Finding Dementia in Primary Care: The Results of a Clinical Demonstration Project

Authors


Address correspondence to John Riley McCarten, GRECC-11G, Veterans Affairs Medical Center, One Veterans Drive, Minneapolis, MN 55417. E-mail: mccar034@umn.edu

Abstract

Objectives

To assess the effect of screening on diagnosing cognitive impairment.

Design

Quality improvement initiative.

Setting

Seven Veterans Affairs Medical Centers.

Participants

Veterans aged 70 or older without a prior diagnosis of cognitive impairment.

Measurements

Veterans failing a brief cognitive screen (Mini-Cog score <4/5) at a routine primary care visit were offered a further, comprehensive evaluation with an advance practice registered nurse trained in dementia care and integrated into the primary care clinic. Veterans completing the evaluation were reviewed in a consensus conference and assigned a diagnosis of dementia; cognitive impairment, no dementia; or no cognitive impairment. Total numbers of screens, associated scores (0–5), and the consensus diagnoses were tallied. New cognitive impairment diagnoses were also tracked for veterans who passed the screen but requested further evaluation, failed but declined further evaluation, or were not screened. Primary care provider satisfaction with the program also was assessed.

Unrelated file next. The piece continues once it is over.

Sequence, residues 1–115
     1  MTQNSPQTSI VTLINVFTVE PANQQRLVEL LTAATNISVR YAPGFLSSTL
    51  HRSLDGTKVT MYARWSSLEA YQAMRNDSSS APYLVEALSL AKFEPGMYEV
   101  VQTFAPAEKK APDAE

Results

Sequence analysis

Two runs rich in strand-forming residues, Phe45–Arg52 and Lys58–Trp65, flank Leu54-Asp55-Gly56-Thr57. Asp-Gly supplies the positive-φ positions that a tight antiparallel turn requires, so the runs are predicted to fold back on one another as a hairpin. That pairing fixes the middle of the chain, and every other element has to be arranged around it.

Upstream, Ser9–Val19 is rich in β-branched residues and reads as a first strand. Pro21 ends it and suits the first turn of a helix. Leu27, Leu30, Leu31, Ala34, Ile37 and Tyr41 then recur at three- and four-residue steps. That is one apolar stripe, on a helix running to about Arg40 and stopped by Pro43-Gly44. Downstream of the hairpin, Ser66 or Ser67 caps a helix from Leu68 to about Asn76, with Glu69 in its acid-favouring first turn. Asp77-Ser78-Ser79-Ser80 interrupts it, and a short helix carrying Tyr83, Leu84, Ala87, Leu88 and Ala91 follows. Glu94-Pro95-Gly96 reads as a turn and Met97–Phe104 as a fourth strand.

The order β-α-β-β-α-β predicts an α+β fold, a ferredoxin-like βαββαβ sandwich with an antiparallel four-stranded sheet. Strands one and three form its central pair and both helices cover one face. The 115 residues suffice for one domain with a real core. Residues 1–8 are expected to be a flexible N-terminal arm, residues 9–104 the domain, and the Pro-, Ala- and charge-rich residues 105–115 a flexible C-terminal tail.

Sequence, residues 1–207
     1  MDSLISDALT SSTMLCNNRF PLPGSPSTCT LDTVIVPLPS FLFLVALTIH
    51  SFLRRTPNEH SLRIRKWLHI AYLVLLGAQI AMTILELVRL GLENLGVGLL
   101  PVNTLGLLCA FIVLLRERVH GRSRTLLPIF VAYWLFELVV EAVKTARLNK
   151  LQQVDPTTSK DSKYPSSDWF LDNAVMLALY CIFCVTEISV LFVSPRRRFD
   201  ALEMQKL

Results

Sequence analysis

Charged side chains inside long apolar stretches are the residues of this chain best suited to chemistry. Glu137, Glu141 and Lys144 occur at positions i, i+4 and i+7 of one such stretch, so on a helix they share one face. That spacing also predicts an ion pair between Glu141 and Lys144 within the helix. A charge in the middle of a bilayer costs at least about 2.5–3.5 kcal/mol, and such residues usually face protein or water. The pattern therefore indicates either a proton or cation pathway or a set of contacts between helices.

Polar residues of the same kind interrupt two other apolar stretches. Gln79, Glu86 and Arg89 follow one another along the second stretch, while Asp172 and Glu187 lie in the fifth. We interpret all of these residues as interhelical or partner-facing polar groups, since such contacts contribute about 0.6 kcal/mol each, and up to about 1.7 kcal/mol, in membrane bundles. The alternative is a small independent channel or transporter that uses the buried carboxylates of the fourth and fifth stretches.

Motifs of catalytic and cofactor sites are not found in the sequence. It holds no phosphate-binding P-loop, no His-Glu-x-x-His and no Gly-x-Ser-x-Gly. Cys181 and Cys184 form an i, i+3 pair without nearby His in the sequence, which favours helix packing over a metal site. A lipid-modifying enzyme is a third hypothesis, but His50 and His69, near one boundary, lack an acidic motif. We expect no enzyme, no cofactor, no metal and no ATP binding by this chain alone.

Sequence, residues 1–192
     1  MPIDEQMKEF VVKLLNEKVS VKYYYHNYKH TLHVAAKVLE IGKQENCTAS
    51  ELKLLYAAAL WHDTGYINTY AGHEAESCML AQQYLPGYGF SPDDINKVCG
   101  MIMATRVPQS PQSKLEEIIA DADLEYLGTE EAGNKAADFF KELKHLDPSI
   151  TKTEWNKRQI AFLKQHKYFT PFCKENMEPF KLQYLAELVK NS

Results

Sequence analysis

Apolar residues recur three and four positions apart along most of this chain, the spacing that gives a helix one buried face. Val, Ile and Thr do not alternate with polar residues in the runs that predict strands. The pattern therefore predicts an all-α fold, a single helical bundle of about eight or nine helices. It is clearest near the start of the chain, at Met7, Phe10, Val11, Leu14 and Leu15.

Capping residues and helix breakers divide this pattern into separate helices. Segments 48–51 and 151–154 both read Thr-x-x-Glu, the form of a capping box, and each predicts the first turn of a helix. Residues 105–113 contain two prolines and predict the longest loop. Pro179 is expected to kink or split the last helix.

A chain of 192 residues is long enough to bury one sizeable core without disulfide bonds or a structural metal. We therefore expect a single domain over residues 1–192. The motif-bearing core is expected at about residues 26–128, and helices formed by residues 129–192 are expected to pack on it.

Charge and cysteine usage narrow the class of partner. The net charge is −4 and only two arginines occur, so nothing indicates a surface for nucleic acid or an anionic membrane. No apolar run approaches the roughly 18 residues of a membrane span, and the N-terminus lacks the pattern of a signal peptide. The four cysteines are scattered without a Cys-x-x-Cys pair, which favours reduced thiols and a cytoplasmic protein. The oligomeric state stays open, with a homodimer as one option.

Results

Of 8,342 veterans offered screening, 8,063 (97%) accepted, 2,081 (26%) failed the screen, 580 (28%) agreed to further evaluation, and 540 (93%) were diagnosed with cognitive impairment, including 432 (75%) with dementia. For screen passes requesting further evaluation, 87% (103/118) had cognitive impairment, including 70% (82/118) with dementia. Screen failures declining further evaluation had 17% (259/1,501) incident cognitive impairment diagnosed through standard care, bringing the total newly documented cognitive impairment in all screens to 11% (902/8,063), versus 4% (1,242/28,349) in similar clinics without this program. Eighty-two percent of primary care providers in clinics with this program agreed that it provided a useful service.

Conclusion

Screening combined with offering further evaluation increased new diagnoses of cognitive impairment in older veterans two to three times. Veterans accepted screening well, and providers found the program useful.

Ancillary